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Locals lads (and lady) Velociraptor have been attracting a lot of attention of late. With their energetic live shows, and notoriety for barely being able to fit everyone onstage, coupled with recent Triple J attention things are certainly looking bright for the band. I spoke to frontman Jeremy Neale about an upcoming tour, a new EP and getting all of the ‘raptors’ organised.

First and foremost, what is your stance on velociraptors?

They are they only breed of dinosaurs that can open doors. This makes them the most threatening species of Dinosaur present in today’s door obsessed society.

You’re about to embark on an east coast tour. How does such a large band go about organising themselves?

Well, fortunately this time around we have a top-notch management team. Other than that, everybody will have a piece of paper with the venue and time we’ll be playing and with any luck at least 7 of us will show up.

Velociraptor are listed officially as a 12 piece but you rarely seem to play as such – what determines the size of the band on any given night?

The rider. If we get word that there’s not enough to go around we draw straws to see who has to stay home and drink home beers. Also a few raptors play in other touring bands and live/ work outside of Brisbane.

I hear there will be a new EP coming out soon; can you tell us a little about it?

A small collection of upbeat pop gems that are suitable for singing and dancing along to. It’s been a good chance for us to get some of our/ audiences’ live favourites recorded.

What is the song writing process like a band with so many members?

A lot of the time I’ll just write something at home or in the car and then bring it to practice and the raptors will work their magic on it. Other raptors also write songs and bring it to the raptor table in the same fashion.

I’ve seen you guys likened to ‘gritty garage sex’ and a ‘vintage street gang’. How would you describe yourselves?

A real neato gang of super bros with good values and a penchant for truffles and fine wine.

How do you feel about the attention the band has received so far?

Besides the odd comment of  “I don’t understand why there’s 7 guitarists” it’s been really positive and I couldn’t be happier with it. We’ve had some solid support from Triple J for our track ‘In The Springtime’ and there seems to be a really rad buzz for the tour.

What is your favourite thing about playing in Brisbane?

It’s an awesome city, easy to source enough amps, we get to play with our friend’s bands and also at the end of the night we can get a limo home to the raptor mansion that comes complete with 12 beds, all of which are race car themed

What can the uninitiated expect from a live show?

It is pretty chaotic. I’ve always been a firm believer in that if you wanted to hear the song exactly how it was recorded, then you should have stayed home and listened to the record. It’s louder than the recordings and more aggressive but it’s a visual spectacle and even if I wasn’t in the band I’d still wanna go and see it.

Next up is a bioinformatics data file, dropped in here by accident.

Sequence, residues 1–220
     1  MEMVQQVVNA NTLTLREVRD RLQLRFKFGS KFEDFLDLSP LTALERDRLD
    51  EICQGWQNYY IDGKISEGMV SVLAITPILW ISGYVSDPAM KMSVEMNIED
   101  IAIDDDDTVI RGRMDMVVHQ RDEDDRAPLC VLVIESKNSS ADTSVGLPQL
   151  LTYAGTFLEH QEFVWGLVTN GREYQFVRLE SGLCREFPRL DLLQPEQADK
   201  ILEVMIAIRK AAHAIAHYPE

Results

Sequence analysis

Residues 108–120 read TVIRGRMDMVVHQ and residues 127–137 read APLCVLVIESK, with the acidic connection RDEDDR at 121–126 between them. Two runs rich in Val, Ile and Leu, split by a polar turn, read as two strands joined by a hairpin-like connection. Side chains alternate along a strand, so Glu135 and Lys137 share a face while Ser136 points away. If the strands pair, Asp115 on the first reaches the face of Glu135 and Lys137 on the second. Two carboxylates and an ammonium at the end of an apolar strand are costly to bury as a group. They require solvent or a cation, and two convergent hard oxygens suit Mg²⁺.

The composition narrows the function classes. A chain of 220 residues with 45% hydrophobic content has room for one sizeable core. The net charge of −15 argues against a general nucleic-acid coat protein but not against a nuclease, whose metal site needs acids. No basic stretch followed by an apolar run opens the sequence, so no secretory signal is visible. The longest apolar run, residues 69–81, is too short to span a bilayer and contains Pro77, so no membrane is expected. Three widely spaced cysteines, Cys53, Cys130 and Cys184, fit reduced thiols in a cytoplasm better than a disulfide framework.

What does the future hold for Velociraptor?

Godzilla and Monster X have been threatening to destroy Brisbane. We are training every day so that we may have the strength to defeat these gigantic angry monsters. Also, although it has been delayed many times, we do have a film clip on the way. An album will be most triumphant once we can get the necessary 900 dollaridoos.

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I Want That You Are Always Happy is the long awaited debut album from Townsville indie-folk collective The Middle East. You probably remember them from when Triple J was flogging ‘Blood’ from way back when, and while this could easily be one of my favourite albums titles of all time the record simply fails to deliver. The 7-piece is well known for their poppy folk stylings and lush vocal harmonies, but for the most part IWTYAAH comes across as sparse and lacking. It certainly doesn’t sound like a record made by a band consisting of seven members.

‘Black Death 1349’ brings the album to a slow and unexciting start and stays quite low key until the album’s highlight ‘Jesus Came to my Birthday Party’, where the upbeat tempo and combination of male/female vocals help to make it a standout. Unfortunately the album quickly takes another dive and staggers long, uninteresting folk songs, modern country tracks and a few pop hits. The constant changing of pace is distracting, making I Want That You Are Always Happy a tedious album to listen to, certainly not drawing you back in for more listens. It’s as if they can’t quite decide who they want to be as a band.

There are some decent tracks on the album though. ‘Land of the Bloody Unknown’ is a typically Australian folk/country song that is certainly worth a listen, though could possibly be better suited to another artist such as Gareth Liddiard. ‘Sydney to Newcastle’ is a nice little instrumental piano piece that could have been built up into a full, more interesting song. ‘Months’ is more of a classic kind of Middle Eastsound, with the most memorable hook on the album. The few standouts don’t make up for the pitfalls in this case though, meaning I Want That You Are Always Happy is likely to be quickly forgotten.